December 17 is one of favorite days since 2 of my favorite people share this birthday: my brother Scott (65 today) and our Granny (gone). Allow me to share some memories & comments I posted elsewhere on this date 5 years ago.
Granny, for me, was V.A. “Tilly” Fisher, our dad’s mom. Of course, we had 2 grandmothers, but since my mom came from a large family, we shared Granny Massey with lots of cousins. With Dad being an only child, we had Granny Tilly to ourselves.
Tilly raised my dad as a single mom (twice-married, twice-divorced), working as a seamstress for the Air Force for over 30 years, moving from Texas to San Diego and then back to San Antonio in the late 30s, where she lived in the same boarding house in the King William Historic District until 1972 before moving into the “mother-in-law” apartment at my family’s home.
After Granny retired (medical disability due to a hip injury — she used a cane but still drove herself all over South Texas to visit her sisters), she earned the nickname “The Sewing Angel.” She would take donated fabric from the Salvation Army, buy trim and supplies and make dresses to donate to little girls in need. For many, this would be their first new dress.
Granny always told me she was just glad somebody gave her the cloth and took the dresses away, as if it was no big deal. Eventually, she must have made and donated over 1,000 handmade dresses.
Granny taught me how to play poker. Oh, sure, I already knew the rules. But when the folks left Granny as my baby-sitter one time, she showed me how to Play Poker (with matchsticks): anteing up, betting — and bluffing. The first time I tried to look at her discards after she bluffed me, she curtly informed me, “Men have ben shot for less than that.” Same for sneaking a peek at the bottom card.
Granny once told me: “Alan, your brain’s worth its weight in gold. At least, it oughta be — it’s never been used.”
Granny preceded David Letterman with one particular Stupid Pet Trick, involving the family dog, Ararf. Ostensibly my dog, he was only a year old when I left for college, so he became the family dog, obviously. Granny somehow got Ararf into the habit of eating — nay, craving and begging for — a most unusual treat. She would feed him a half head of iceberg lettuce daily and the dog just ate it up. Confused the hell out of a dog I brought home several years later who couldn’t figure out what was wrong with the dog.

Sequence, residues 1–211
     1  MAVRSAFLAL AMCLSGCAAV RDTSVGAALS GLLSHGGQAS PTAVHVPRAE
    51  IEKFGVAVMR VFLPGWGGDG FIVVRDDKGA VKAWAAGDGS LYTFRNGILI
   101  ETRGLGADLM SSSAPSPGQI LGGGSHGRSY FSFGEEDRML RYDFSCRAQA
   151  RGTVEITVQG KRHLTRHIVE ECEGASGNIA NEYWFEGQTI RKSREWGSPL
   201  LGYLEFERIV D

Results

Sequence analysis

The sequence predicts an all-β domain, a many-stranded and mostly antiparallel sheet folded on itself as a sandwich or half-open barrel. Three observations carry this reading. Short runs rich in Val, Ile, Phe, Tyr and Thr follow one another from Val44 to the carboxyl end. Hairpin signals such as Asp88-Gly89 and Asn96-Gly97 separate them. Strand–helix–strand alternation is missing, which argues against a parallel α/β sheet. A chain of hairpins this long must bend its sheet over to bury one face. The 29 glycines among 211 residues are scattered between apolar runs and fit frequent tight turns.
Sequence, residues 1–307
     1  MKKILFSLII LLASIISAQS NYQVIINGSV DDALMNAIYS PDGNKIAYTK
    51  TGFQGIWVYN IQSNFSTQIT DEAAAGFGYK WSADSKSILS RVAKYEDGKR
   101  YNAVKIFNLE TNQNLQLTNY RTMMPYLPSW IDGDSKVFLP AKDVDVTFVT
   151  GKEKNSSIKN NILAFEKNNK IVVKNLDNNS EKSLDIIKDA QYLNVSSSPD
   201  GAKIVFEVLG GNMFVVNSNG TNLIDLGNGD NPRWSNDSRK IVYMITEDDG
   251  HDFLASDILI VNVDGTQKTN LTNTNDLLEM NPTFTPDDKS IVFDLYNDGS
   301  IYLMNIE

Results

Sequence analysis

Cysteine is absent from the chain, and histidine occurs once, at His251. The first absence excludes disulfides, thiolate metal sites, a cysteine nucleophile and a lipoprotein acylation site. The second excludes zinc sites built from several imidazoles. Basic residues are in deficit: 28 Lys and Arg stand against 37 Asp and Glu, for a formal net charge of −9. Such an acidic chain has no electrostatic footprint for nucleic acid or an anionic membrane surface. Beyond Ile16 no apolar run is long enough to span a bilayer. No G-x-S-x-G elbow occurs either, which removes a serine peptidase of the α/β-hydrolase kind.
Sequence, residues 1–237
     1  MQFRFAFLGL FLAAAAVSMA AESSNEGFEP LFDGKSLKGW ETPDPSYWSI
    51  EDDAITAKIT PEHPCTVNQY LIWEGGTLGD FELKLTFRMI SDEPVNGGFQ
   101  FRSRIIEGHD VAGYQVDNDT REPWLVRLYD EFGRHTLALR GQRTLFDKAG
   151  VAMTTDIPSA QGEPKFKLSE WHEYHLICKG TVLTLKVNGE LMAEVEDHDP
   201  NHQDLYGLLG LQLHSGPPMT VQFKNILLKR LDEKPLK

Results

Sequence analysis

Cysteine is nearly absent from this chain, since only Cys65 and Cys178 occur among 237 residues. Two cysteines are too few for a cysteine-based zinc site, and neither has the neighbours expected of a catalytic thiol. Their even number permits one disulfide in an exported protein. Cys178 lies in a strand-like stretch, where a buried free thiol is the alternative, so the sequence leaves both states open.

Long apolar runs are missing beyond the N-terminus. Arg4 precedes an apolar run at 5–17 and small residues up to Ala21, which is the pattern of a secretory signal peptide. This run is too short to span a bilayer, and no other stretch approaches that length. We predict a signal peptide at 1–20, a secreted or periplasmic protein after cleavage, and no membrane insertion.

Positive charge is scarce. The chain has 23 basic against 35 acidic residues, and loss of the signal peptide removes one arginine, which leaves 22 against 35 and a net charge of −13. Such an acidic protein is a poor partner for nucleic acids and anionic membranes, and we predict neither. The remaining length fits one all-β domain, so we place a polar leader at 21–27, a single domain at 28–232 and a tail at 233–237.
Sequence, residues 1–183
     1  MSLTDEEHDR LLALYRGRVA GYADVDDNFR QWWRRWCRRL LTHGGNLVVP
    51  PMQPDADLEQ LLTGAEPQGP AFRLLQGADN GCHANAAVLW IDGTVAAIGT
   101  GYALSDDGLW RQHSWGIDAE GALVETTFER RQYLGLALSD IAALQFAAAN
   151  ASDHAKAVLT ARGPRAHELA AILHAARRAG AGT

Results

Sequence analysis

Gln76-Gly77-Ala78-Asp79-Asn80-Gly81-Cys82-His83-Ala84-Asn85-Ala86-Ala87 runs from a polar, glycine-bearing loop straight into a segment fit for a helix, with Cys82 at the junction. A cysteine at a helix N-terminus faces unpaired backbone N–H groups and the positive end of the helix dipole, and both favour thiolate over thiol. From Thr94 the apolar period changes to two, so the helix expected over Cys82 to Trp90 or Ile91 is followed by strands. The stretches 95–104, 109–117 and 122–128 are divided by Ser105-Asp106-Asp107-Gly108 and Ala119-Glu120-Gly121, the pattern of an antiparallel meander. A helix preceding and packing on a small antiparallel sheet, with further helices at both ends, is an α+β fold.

In 1976, I was fresh out of college & had a van w/ a bed in the back and the urge to roam. Upon hearing my plans to wander, Granny said to me, “Off to see the world, eh? You probably won’t want to listen to your little old Granny when you get back, so I’m giving you just one piece of advice you’d better remember it the rest of your life:
Don’t keep wearing your shoes until they’ve got holes in them because you never know when you might be on a sinking ship and if all you’ve got to bale it out with is your shoes and they’ve got holes in them — you’re done for.”
Thank you, Granny. I will never forget.
My Big Brother: Scott
Happy Birthday to my Big Brother Scott!
What can I tell you? the guy’s been there forever, as far as I can tell, leading the way, whether it’s breaking his arm jumping off our slide, setting the elementary school record for going to the principal’s office twice in 30 minutes or taking me to see the Who back in 1967 when I was just 12 years old.
My brother Scott opened the doors of rock & roll for me after he bought his first guitar — a Silvertone from Sears, sometime prior to that first Who show in 67. For his first band’s first paying gig — playing in front of the local K-Mart, his band (was it the Synz?) got to select 3 albums each from the record dep’t. Scott chose:
- The Grateful Dead (their first album)
- Are You Experienced? The Jimi Hendrix Experience
- Peanut Butter Conspiracy
As he commented later, “Two outta three ain’t bad.”
My brother played in several high school garage bands, notably one called Dr. Christie’s Galvanic Curative. Despite a brief flash of notoriety and a handful of outrageous gigs, eventually, Dr. Christie’s came & went. As the Sixties ended (and high school, for Scott), he became a singer-songwriter, performing at Houston’s Sand Mountain before heading to college in 1970 where he met another freshman musician, David Rodriguez, around the piano in the basement hallway of their dorm.
Scott & David partnered up musically awhile in college, sharing a house my and my friends moved into later. David would continue to perform — and record — music for the rest of his life, but though my brother continued writing & playing & singing, he chose not to pursue performing.
In addition to their birthday, Granny & my brother Scott share the family trait of stubborn independence, an absolute insistence on being yourself. For Scott this would include converting to Judaism after he left home and later changing his name to Scott Whitebird so long ago few people can remember him otherwise.
But one thing he can’t ever change: he’ll always be my Big Brother.